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  1.     Leibniz’ account of substances’ lack of causal power seems strange in a modern setting where we’re accustomed to talking of the world as being a determined system of efficient causes. Similarly, the non-relation of substances seems to go against the modern view of causality as the interconnectedness of all things. However, in light of Kant’s Critique of Practical Reason, Leibniz’ desire to keep substances individuated and distinct from one another can be seen more clearly—namely, that in order for a soul to be free and thus morally responsible before God, it cannot be determined by antecedent causes. In this paper, I will argue that it is this moral necessity which motivates Leibniz’ thesis that substances have no interaction with one another. Instead, he relies on their synchronized unfolding in the infinite calculus in God’s mind as the basis on which the differences between substances are coordinated.
  2.  
  3. • 83, Garber Ch. 2
  4. o   Soul in the body (Leibniz)
  5. o   Requisite for moral accountability (claim)
  6. • Efficient vs final causality
  7. • Mcdonnah readings
  8. • “Leibniz two realms revisited” mcdonnah, 2008
  9. • Kingdom of efficient causes vs kingdom of final causes
  10. • End of the discourse on metaphysics (two realms)
  11. • Reconciliation of mechanism and teleology
  12. • Spinoza vs Malebranche vs Leibniz on world, cause, and God and freedom (person/soul)
  13. • Is causal power in the world or is it in God?
  14. • Modes or substances?
  15. • Reformulate: substance—pre-established harmony
  16. • The fold
  17.  
  18. The reconciliation of mechanism and teleology will require Leibniz to walk the tight-rope between Spinoza and Malebranche. Whereas Spinozism invests the world (co-extensive with God) with all causal power, Malebranche wants to separate the world from the causal power that is within a sovereign world-independent God. Spinozism then reduces individual persons to modes of the one substance, which Leibniz believes undermines freedom (which requires for him a distinction between God’s substance and my own, such that they may be related along the lines of moral accountability subject qua subject). Malebranche also recognizes this but, without causal power, human individuals become puppets of the one substance and, effectually, becomes an anemic Spinozist world wherein individuals are emptied of any causal power and are in a relation of entire dependence to the one substance. In this sense, at least Spinoza saves the freedom of the modes to act more-or-less freely, and to conceive of their modality in more-of-less adequate powers culminating in ever-increasing powers of self-determination as they understand their own positioning within the causal matrix of the world/God. Leibniz, on the other hand, will reformulate the question of substances in order to account for the coordinated constitution of causality as a relation of reflection between God’s substance and the way in which individual substances “enfold and unfold the entire universe from their own perspective” [paraphrase].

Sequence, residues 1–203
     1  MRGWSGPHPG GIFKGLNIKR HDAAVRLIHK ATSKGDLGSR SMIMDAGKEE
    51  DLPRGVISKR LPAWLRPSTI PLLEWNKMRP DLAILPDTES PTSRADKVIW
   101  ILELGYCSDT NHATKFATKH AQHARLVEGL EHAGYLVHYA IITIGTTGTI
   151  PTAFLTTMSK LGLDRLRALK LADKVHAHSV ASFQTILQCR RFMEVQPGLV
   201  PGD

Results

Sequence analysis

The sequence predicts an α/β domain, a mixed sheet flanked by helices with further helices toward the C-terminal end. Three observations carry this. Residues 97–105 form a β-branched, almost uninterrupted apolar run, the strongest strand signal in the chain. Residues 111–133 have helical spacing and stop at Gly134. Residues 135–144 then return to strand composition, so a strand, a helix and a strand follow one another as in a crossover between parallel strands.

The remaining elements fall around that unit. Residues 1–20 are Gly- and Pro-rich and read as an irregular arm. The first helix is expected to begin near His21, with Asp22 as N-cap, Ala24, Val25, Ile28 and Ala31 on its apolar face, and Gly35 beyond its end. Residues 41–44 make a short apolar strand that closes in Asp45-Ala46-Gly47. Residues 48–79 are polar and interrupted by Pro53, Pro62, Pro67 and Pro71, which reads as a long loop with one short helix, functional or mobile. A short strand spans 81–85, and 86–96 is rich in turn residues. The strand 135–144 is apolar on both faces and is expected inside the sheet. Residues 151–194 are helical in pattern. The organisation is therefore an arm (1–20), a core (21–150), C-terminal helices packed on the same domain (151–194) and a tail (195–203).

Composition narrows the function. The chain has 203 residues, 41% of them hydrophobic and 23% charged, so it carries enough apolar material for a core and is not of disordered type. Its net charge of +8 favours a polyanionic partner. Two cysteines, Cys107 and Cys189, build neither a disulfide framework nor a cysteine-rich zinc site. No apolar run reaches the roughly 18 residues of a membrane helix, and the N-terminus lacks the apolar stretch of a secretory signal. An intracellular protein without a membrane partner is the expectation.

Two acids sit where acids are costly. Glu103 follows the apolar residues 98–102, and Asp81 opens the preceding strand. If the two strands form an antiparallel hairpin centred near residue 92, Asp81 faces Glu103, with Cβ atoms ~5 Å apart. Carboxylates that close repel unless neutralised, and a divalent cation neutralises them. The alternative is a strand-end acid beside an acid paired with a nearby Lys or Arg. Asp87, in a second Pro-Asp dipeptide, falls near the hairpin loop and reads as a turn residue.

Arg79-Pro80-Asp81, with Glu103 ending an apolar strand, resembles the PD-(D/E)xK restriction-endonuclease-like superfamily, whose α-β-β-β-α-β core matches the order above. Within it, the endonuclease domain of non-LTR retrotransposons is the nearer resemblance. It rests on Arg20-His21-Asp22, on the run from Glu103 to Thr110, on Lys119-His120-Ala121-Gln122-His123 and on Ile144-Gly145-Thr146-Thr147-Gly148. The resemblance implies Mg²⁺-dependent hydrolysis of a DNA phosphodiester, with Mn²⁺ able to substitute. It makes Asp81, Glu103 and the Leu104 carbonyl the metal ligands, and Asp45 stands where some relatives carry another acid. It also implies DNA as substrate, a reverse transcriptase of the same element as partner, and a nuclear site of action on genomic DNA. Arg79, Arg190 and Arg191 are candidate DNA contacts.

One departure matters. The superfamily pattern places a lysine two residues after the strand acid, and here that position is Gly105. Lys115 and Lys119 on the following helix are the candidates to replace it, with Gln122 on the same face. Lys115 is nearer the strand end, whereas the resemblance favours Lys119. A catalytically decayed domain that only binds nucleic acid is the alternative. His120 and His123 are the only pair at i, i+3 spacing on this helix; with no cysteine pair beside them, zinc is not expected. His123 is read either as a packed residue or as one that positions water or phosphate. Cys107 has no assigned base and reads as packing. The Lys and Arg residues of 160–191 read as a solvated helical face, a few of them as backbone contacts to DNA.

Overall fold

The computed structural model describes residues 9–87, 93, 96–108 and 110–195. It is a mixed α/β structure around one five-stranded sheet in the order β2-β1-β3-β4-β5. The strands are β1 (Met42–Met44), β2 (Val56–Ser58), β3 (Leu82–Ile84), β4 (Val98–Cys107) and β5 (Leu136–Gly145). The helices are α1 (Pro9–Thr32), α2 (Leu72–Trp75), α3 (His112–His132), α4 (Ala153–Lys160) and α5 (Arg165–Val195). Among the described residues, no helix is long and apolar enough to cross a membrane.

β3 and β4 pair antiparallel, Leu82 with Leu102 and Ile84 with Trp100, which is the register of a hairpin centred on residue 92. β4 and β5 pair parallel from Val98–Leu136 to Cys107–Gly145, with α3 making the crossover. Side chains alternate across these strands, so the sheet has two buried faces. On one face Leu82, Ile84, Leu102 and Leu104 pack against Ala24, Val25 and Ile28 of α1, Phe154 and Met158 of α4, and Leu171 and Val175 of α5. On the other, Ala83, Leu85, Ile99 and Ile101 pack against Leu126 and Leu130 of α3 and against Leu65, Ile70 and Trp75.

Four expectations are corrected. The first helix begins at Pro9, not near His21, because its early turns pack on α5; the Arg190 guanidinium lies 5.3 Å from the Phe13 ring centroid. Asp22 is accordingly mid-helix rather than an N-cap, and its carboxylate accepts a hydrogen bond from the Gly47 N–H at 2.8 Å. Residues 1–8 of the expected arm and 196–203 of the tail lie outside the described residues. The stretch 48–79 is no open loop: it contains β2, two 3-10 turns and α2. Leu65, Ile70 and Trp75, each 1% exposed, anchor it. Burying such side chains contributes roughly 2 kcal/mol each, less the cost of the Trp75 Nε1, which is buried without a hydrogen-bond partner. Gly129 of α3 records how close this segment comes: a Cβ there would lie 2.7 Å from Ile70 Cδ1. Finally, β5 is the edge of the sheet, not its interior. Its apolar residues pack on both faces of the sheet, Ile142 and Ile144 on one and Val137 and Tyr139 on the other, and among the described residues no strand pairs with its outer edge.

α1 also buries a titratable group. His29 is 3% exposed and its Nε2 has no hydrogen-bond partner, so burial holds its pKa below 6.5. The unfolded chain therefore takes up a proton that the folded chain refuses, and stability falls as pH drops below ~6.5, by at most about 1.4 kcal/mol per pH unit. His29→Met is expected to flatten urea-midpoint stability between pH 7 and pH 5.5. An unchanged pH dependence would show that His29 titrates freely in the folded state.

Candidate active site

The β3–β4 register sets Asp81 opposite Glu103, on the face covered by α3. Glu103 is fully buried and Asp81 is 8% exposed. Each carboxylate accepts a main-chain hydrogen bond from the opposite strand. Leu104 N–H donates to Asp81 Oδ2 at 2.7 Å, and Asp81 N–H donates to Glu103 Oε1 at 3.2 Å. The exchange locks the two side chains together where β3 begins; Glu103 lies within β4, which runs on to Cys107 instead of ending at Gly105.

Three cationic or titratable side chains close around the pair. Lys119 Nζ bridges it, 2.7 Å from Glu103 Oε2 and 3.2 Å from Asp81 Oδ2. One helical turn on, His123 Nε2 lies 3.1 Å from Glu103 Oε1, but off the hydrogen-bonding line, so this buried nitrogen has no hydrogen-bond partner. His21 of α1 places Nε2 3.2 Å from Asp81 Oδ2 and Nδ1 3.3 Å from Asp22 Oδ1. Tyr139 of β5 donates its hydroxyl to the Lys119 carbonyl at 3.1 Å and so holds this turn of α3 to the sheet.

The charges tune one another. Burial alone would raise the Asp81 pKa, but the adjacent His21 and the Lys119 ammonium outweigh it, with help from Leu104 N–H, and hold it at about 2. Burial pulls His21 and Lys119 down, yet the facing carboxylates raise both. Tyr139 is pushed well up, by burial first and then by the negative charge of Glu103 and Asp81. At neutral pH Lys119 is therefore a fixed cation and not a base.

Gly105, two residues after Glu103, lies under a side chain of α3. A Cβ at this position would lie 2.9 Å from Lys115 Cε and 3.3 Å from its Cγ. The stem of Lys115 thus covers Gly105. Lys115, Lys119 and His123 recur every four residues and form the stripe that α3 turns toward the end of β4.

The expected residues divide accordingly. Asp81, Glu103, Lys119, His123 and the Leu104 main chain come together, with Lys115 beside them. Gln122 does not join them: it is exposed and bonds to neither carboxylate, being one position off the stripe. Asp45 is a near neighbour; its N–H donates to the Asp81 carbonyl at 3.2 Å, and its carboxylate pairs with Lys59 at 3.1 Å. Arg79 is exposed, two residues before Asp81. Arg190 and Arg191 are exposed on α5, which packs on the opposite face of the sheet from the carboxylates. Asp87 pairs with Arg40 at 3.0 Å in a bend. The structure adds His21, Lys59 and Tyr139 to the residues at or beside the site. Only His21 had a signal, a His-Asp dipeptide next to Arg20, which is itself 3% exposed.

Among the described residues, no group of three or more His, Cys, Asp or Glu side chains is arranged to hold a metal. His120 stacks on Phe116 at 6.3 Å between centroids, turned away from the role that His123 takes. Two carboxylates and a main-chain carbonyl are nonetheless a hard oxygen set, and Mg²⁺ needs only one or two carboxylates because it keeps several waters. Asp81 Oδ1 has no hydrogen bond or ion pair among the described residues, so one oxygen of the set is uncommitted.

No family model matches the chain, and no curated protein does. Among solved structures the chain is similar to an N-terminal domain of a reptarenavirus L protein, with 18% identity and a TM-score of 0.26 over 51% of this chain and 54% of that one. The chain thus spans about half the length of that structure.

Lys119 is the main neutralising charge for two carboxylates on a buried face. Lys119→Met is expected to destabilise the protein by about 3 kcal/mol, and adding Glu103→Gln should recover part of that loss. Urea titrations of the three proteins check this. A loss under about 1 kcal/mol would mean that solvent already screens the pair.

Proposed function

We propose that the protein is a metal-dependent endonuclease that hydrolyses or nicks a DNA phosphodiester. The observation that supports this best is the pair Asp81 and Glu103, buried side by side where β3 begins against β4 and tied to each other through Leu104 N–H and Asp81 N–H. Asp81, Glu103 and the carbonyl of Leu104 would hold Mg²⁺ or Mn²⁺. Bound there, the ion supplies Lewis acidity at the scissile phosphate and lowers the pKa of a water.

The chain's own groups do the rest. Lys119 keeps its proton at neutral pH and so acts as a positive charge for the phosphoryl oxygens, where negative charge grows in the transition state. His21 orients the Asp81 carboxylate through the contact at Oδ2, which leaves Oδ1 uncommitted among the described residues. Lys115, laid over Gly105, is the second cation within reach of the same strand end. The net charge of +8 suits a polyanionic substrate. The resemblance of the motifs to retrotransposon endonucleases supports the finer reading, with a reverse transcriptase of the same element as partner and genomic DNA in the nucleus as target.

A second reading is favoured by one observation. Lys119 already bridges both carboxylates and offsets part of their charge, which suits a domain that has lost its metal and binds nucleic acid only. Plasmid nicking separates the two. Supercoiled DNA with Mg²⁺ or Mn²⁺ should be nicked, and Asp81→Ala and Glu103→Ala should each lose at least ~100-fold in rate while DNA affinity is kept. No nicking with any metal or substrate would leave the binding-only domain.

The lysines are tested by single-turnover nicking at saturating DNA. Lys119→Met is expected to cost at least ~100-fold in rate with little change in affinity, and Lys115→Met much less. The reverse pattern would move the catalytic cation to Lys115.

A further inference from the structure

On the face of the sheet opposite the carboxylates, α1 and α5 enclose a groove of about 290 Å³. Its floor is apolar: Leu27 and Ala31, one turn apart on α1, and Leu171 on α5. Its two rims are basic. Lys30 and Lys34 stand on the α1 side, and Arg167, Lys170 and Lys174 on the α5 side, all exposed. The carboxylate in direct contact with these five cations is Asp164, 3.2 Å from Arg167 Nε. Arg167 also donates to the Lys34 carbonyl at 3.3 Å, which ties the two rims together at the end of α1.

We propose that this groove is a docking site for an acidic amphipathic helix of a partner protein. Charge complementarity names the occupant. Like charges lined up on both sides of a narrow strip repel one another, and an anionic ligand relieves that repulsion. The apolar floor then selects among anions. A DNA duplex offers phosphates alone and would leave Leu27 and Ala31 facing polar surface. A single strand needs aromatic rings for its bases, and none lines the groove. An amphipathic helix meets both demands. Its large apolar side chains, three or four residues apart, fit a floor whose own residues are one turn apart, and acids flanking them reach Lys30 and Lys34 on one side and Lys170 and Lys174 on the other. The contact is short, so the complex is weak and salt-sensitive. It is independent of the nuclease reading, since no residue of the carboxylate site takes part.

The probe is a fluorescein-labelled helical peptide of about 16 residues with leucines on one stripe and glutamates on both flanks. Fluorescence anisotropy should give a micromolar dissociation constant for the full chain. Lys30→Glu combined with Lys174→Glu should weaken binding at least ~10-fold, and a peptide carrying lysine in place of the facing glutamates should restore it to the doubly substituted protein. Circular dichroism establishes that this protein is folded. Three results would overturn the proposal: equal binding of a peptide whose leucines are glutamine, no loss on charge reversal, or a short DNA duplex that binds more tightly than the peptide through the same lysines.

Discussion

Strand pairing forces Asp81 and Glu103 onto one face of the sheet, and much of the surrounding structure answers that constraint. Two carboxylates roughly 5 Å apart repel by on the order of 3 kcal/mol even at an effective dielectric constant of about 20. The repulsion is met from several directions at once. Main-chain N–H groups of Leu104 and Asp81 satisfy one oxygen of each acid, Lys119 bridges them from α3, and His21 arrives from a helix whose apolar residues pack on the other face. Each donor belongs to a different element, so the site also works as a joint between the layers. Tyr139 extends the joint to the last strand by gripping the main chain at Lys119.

19.  
  20. *** (138-144) section helpful in expanding upon this.
  21.  
  22. ***(159) “And simply to thrust this force back into a command of God’s, given once in the past, affecting things in no way nor leaving an effect after itself, is so far from making the matter more easily explicable that it is, rather to set aside the role of the philosopher altogether and cut the Gordian knot with a sword.”
  23.  
  24. *** (165) “For quite the contrary, it is well known that, just as force is necessary for producing motion, so too, once an impetus is given, far from requiring a new force for continuing the motion, one needs a force to stop it. For conservation by a universal cause necessary to things is not at issue here—a conservation which, as we have already warned, if it removed the efficacy of things, would also remove their existence.”
  25.  
  26. *** subsequent paragraph goes on to compare occasionalism to Spinoza
  27.  
  28. *** “However, we must grant that intelligences or higher souls, which are also called spirits, are ruled by God, not only as machines, but also as subjects, and that intelligences are not subject to those radical changes to which other living things are subject” (253). One can practically here an echo of Hegel’s famous phrase, “Spirit realizes itself, not only as substance, but also as subject…”